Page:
by Matthew Francis
Oct 30 2012

from ArsTechnica Website



Not quite this kind of entanglement...




Either that,

or faster-than-light communications is a go.



Quantum entanglement stands as one of the strangest and hardest concepts to understand in physics.


Two or more particles can interact in a specific ways that leave them entangled, such that a later measurement on one system identifies what the outcome of a similar measurement on the second system - no matter how far they are separated in space.

Repeated experiments have verified that this works even when the measurements are performed more quickly than light could travel between the sites of measurement: there's no slower-than-light influence that can pass between the entangled particles.


However, one possible explanation for entanglement would allow for a faster-than-light exchange from one particle to the other. Odd as it might seem, this still doesn't violate relativity, since the only thing exchanged is the internal quantum state - no external information is passed.

But a new analysis by J-D. Bancal, S. Pironio, A. Acín, Y-C. Liang, V. Scarani, and N. Gisin shows that any such explanation would inevitably open the door to faster-than-light communication.


In other words, quantum entanglement cannot involve the passage of information - even hidden, internal information, inaccessible to experiment - at any velocity, without also allowing for other types of interactions that violate relativity.

Experiments have definitively demonstrated entanglement, and ruled out any kind of slower-than-light communication between two separated objects.


The standard explanation for this behavior involves what's called nonlocality:

the idea that the two objects are actually still a single quantum system, even though they may be far apart.

That idea is uncomfortable to many people (including most famously Albert Einstein), but it preserves the principle of relativity, which states in part that no information can travel faster than light.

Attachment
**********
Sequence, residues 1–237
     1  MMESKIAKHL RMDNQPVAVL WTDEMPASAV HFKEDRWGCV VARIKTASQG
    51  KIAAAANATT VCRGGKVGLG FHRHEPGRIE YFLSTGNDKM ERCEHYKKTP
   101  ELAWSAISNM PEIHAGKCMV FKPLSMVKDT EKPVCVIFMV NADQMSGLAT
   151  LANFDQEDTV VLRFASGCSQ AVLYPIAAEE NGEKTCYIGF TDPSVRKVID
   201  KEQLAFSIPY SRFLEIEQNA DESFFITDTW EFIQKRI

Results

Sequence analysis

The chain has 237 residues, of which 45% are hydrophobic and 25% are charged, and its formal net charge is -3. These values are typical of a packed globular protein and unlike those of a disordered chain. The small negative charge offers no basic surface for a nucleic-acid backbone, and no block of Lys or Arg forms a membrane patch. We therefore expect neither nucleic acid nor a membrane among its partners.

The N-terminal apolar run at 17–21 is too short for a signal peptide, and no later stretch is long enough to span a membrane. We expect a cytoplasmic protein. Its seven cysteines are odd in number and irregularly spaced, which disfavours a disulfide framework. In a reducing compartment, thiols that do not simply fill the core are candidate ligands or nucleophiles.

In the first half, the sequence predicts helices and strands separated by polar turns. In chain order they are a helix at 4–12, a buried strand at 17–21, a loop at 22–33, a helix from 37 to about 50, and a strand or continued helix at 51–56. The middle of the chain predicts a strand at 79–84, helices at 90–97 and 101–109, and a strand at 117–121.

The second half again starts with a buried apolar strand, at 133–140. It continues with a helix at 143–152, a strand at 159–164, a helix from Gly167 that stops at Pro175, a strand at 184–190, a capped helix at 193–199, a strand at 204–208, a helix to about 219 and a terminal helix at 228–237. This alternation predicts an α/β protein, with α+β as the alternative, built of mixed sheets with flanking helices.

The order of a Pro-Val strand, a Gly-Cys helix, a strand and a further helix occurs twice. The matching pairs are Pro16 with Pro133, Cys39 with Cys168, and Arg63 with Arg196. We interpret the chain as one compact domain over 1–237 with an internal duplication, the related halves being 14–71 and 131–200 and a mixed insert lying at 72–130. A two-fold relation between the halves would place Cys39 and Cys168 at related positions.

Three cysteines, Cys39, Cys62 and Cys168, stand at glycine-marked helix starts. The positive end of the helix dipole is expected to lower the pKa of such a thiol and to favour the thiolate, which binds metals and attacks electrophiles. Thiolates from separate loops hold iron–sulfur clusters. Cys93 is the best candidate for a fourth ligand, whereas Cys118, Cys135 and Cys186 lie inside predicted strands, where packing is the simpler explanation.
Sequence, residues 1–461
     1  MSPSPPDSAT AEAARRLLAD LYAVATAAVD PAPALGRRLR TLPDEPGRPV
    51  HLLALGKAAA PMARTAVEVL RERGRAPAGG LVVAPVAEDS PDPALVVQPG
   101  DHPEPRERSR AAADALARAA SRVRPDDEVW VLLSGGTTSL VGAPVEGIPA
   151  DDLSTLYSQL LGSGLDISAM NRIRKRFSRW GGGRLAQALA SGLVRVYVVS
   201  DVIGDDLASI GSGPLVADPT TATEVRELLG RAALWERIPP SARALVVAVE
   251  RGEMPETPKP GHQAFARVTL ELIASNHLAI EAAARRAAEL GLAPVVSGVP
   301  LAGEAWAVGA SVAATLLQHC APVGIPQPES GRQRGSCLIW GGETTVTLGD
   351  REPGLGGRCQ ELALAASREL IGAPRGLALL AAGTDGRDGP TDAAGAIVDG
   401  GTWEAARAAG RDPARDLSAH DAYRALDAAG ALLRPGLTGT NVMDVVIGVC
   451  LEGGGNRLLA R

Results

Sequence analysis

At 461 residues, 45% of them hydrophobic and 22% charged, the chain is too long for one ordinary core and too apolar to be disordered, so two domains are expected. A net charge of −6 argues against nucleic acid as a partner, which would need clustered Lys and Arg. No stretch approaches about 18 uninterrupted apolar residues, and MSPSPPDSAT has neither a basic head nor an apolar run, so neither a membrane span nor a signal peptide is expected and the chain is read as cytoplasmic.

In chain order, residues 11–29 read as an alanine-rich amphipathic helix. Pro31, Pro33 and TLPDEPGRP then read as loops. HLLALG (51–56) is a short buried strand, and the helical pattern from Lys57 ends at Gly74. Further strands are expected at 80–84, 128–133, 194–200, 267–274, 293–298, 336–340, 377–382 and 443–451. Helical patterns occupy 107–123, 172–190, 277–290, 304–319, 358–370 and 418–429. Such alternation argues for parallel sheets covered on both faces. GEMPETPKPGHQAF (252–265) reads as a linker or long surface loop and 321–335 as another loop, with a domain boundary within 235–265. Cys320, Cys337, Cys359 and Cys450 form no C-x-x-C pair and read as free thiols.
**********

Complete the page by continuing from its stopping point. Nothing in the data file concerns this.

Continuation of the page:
To get around nonlocality, several ideas have been proposed over the decades.


Many of these fall into the category of hidden variables, wherein quantum systems have physical properties (beyond the standard quantities like position, momentum, and spin) that are not directly accessible to experiment. In entangled systems, the hidden variables could be responsible for transferring state information from one particle to the other, producing measurements that appear coordinated.


Since these hidden variables are not accessible to experimenters, they can't be used for communication. Relativity is preserved.

Hidden variable theories involving slower-than-light transfer of state information are already ruled out by the experiments that exclude more ordinary communication. Some modern variations combine hidden variables with full nonlocality, allowing for instantaneous transfer of internal state information.


But could non-instantaneous, faster-than-light hidden variables theories still work?

To investigate this possibility, the authors of the new study considered the possible experimental consequences.


Obviously, one way to test it would be to increase the separation between the parts of the entangled system to see if we can detect a delay in apparently instantaneous correlation we currently observe. Sufficiently fast rates of transfer, however, would still be indistinguishable from nonlocality, given that real lab measurements take finite time to perform (this assumes that both experiments happen on Earth).

The researchers took a theoretical approach instead, using something known as the no-signaling conditions. They considered an entangled system with a set of independent physical attributes, some observable, some hidden variables.


Next, they allowed the state of the hidden variables to propagate faster than the speed of light, which let them influence the measurements on the separated pieces of the experiment.

However, because of the nature of quantum mechanical systems, there was a symmetry between the hidden and measurable attributes of the system - meaning if the hidden variables could transfer information faster than light, then the properties we can measure would do so as well.


This is a violation of the no-signaling condition, and causes serious problems for the ordinary interpretations of quantum physics.

Of course, one conceivable conclusion would be that faster-than-light communication is possible; this result provided a possible avenue for testing that possibility. By restricting the bounds on the speed of interaction between entangled systems, future experiments could show whether any actual information is traveling or not.

However, the far more likely option is that relativity is correct. In that case, the strong ban on faster-than-light communication would rule out the possibility of faster-than-light transfer of information encoded in hidden variables, and force us to deal with nonlocality.


Once again, it would seem that local realism and relativity are incompatible notions in the quantum world.